To the south of Domus 1 are Domus 2a and Domus 2b. The former is a relatively small atrium style dwelling that occupies a space of roughly 25×25 meters in the northwest corner of an area that is otherwise occupied by the larger Domus 2b. Though smaller than Domus 1, Domus 2b also includes a peristyle and gardens in addition to its atrium area, as well as at least 3 triclinia and a very small bath area. Like Domus 1, both Domus 2a and 2b were originally constructed in the 1st century BC with later additions and improvements dating into the 1st century AD.
Caldarium of the public bathing complex.
Across Cardo A, to the west of the Domus 2a and Domus 2b complex, is Insula 30, which contains a public bathing complex dating to the 1st-2nd century CE in the north of the block, with tabernae occupying the southern portion of the block. The city baths consist of the typical ameneties expected at a Roman bathing complex. The water supply for the complex, however, seems to have been fed by a 27 meter deep well with a wheeled mechanical system used to draw the water up for the baths.Recent excavations in the southern portion of Insula 30 have revealed the presence of a Republican-era house below the tabernae.
Adjacent to Insula 30, toward the southwest, is the forum area. The forum was originally the location of the military camp prior to the founding of the Roman settlement. Most of the buildings in the forum have origins in the 1st century BCE, but the entire forum area was renovated during the Augustan area. A porticoed ambulacrum rings the forum square along the east, south, and west edges; with a reconstructed section in the southwest corner.
The basilica is also located on the east side of the forum square. In the southeastern corner is the curia, the basement of which has been preserved and is (mostly) visible through some scuffed and dirty windows in the floor level. A series of exterior facing tabernae are situated around the forum on the south and west sides.
The northern edge of the forum is dominated by a religious precinct in which a series of shrines and temples, including one dedicated to Augustus, and the Capitolium are located. Ringing this religious precinct is a double portico and cryptoporticus.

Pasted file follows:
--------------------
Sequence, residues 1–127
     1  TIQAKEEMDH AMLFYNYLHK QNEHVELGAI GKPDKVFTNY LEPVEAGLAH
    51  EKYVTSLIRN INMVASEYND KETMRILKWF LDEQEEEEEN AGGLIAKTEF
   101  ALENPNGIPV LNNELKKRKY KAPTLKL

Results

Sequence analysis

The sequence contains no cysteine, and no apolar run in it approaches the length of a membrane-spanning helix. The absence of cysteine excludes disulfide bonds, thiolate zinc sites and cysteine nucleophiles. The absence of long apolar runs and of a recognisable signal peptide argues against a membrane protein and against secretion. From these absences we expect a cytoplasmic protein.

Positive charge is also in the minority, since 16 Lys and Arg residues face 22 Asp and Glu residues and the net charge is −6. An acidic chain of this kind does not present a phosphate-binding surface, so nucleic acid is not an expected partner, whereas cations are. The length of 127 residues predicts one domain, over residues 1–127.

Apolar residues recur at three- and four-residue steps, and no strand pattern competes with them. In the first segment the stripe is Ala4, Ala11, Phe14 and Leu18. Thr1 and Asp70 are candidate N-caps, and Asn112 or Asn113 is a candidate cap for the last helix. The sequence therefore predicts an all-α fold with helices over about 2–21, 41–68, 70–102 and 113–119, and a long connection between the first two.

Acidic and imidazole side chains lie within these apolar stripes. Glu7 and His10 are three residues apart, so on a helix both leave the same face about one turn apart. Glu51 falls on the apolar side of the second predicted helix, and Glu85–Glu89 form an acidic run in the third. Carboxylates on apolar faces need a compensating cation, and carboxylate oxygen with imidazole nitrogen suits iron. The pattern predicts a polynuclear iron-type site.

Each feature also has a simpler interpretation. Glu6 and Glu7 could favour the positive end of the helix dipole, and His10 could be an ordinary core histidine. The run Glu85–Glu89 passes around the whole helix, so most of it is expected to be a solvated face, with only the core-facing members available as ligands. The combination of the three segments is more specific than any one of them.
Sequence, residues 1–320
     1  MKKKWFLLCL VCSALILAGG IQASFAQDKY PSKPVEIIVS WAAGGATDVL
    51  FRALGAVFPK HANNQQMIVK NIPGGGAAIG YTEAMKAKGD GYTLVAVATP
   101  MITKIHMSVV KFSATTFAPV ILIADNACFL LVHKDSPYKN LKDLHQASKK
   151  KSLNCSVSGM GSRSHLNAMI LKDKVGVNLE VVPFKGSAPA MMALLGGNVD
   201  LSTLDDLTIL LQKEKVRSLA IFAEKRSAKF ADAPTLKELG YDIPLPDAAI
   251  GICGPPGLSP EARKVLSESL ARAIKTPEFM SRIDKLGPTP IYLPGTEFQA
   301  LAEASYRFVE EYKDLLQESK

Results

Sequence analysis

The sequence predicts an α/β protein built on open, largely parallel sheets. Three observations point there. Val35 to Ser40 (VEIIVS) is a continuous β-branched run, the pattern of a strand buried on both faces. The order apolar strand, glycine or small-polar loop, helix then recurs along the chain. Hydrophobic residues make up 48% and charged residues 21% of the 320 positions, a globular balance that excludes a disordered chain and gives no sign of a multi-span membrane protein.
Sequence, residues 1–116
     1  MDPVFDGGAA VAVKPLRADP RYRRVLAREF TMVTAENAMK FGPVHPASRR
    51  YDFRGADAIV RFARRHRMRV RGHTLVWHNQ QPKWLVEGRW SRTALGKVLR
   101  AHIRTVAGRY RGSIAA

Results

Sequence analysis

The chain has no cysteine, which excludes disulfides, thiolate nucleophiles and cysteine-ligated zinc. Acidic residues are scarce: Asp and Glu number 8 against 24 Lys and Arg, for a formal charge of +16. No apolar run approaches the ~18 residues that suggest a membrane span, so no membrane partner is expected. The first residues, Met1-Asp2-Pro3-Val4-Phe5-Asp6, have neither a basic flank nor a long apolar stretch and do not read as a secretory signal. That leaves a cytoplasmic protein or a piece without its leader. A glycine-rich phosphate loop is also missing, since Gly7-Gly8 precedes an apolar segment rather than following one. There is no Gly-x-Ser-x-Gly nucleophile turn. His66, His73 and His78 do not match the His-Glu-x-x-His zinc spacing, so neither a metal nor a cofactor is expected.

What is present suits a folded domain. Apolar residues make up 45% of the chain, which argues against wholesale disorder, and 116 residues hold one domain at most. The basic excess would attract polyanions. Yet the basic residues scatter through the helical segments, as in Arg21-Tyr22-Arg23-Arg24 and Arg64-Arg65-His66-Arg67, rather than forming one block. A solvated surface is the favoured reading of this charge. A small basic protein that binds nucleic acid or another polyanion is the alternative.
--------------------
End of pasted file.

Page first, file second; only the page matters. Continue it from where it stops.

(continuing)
An entrance in the south of the forum area leads onto a section of the cardo maximus that stretches for about 165 meters leading to the south gate of the settlement. A short distance outside of the forum, the cardo maximus is lined on either side by a series of small tabernae stalls. To the east of the cardo maximus, adjacent to the southeast corner of the forum, is another insula containing small residential dwelling and commercial enterprises.
Much of the southern wall of the settlement, dating to the 1st century BCE, is intact. The east-west dimension of the city walls were about 300 meters, while the north-south walls ran for about 700 meters. No paving stones remain on the cardo maximus, but the stones of the threshold of the southern gate bear the wear marks of cart wheels. The wall is constructed of a base of calcareous ashlar stones with opus caementicium on top. On the exterior of the southern gate, on the east side of the entrance, a phallic symbol is carved into one of the ashlars of the wall facing.
Exiting the southern gate, the amphitheater is located to the west. The amphitheater was constructed in the 1st century AD of stone walls and supports, some of which remain, with wood seating. The amphitheater could hold about 3,300 people.
To the east of Emporiae’s amphitheater is the palaestra, which measured about 111 x 68 meters and was surrounded by a porticoed gallery. Like the amphitheater, the palaestra was built in the 1st century AD.
Continued In Emporiae Part III (The Greek Settlement)
Carr, Raymond. Spain: A History. New York: Oxford UP, 2000.
Cottrell, Leonard. Hannibal: Enemy of Rome. Boston: Da Capo Press, 1991.
Curchin, Leonard A. Roman Spain: Conquest and Assimilation. New York: Routledge, 1991.
Empúries Archaeological Site materials and placards.
Kaiser, Alan. “Ethnic Identity and Urban Fabric: The Case of the Greeks at Empúries, Spain.” Journal of Mediterranean Archaeology 13.2 (2001): 189-203.
Livy, The History of Rome, 34.8-10.
Mierse, William E. Temples and Towns in Roman Iberia: The Social and Architectural Dynamics of Sanctuary Designs from the Third Century B.C. to the Third Century A.D. Berkeley, CA: U of California, 1999.
Polybius, Histories, 3.76.
Strabo, Geography, 3.4.8.